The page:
Trends in knowledge modelling and knowledge management
Knowledge, according to Davenport and Prusak (2000), is a fluid mix of framed experience, values, contextual information, and expert insight that provides a framework for evaluating and incorporating new experiences and information. The origin of knowledge is human mind and is applied back to the same. To communicate, share and distribute knowledge with others, the usual practice is to embed it into a document in various formats like text, audio, video, etc. In organizations knowledge is not only embedded into documents or repositories, but also in their organizational activities, routines, processes, good will and so forth.
Knowledge is a valuable asset to an organization, be it an educational institution, a government organization, an industry, a corporate firm, Non Government Organization or any other such organization. The obvious goal is to manage this knowledge in a way it can be stored, shared, distributed and reused efficiently. The primary tasks of knowledge workers include the identification and selection of knowledge sources, and capturing and manipulating the heterogeneous knowledge. The development of innovative techniques of knowledge extraction from variety of resources is an essential dimension of knowledge acquisition process. In this regard, the techniques like crowdsourcing, natural language processing, etc. have drawn significant attention of the research community, and funding from public and private organizations.
Knowledge modelling is a cross disciplinary area that deals with approaches to acquire, refine, analyse, capture, model and describe knowledge in a way so as to facilitate its preservation and to ensure that it can be aggregated, substituted, improved, shared and reapplied. Modelling knowledge could be of general knowledge describing the general notions (for instance, space, time, events, matter, material, process), or it could be domain knowledge (for instance, food, biomedicine, music, disaster) describing the domain in terms of classes and properties, or it could be of application knowledge describing the tasks in terms of ordering the execution, reasoning and inferencing knowledge, etc. Essentially modelling is done to create a machine interpretable model of knowledge which would be used to stimulate intelligence. Modelling makes it possible to achieve the goals of integration, reusability and interoperability. The ability of reusing the knowledge in different areas of the same domain results in reducing development costs. Various modelling techniques and frameworks (Abdullah et al. 2002; Kingston and Macintosh, 2000) have been evolved over the time. Also, to express knowledge, and to make the knowledge machine interpretable, many formal languages have been evolved in the recent past.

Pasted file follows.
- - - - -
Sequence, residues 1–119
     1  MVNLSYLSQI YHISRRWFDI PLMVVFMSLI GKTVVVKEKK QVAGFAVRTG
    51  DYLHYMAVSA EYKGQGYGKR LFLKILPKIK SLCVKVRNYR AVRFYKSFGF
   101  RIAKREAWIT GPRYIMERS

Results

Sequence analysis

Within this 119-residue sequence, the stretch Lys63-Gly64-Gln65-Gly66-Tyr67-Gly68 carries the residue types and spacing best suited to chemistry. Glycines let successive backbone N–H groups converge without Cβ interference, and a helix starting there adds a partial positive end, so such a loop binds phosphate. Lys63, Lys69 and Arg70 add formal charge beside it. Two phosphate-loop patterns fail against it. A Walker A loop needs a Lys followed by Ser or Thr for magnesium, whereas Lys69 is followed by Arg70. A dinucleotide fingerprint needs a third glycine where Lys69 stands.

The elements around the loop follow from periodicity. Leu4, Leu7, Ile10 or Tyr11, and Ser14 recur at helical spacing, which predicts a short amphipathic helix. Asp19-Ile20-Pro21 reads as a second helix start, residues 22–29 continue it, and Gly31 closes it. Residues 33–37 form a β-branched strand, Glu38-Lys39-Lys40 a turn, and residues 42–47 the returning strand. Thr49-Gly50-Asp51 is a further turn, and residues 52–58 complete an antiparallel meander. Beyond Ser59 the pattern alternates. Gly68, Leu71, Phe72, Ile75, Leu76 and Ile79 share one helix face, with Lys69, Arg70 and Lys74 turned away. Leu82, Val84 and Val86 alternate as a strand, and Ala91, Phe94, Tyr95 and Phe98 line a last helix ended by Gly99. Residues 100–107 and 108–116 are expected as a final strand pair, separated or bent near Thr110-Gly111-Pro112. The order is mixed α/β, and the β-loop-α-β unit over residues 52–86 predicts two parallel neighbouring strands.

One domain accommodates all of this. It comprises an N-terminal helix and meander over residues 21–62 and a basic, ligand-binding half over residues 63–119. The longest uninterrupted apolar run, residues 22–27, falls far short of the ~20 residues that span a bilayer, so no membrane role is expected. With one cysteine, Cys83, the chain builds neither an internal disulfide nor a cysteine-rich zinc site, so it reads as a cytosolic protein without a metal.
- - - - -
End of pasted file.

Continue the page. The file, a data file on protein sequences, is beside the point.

Knowledge Management (KM) is concerned with the effective and efficient management of organization's intellectual assets, consisting of tools, techniques and processes and routines that govern the entire process of identifying and creating knowledge, representing, distributing and utilization of knowledge (Davenport, 1994). The efficient management of knowledge would help the organizations to develop quality products and services, would help in leveraging the expertise and skills of workers across the organization, would help in solving the intractable problems, would help in increasing network connectivity between internal and external experts and would improve the capacity of managing innovation and organizational learning. The ultimate aim of KM is to achieve the organizational objectives, such as, competitive advantage, sharing the lessons learned, innovation and continuous growth of the organization (Gupta and Sharma, 2004). Various management techniques and strategies have been evolved over the time (Snowden, 2002). There are also many technology and solutions, for instance, groupware, workflow, scheduling, content management, e-learning and social media that have been evolved in the recent past. "
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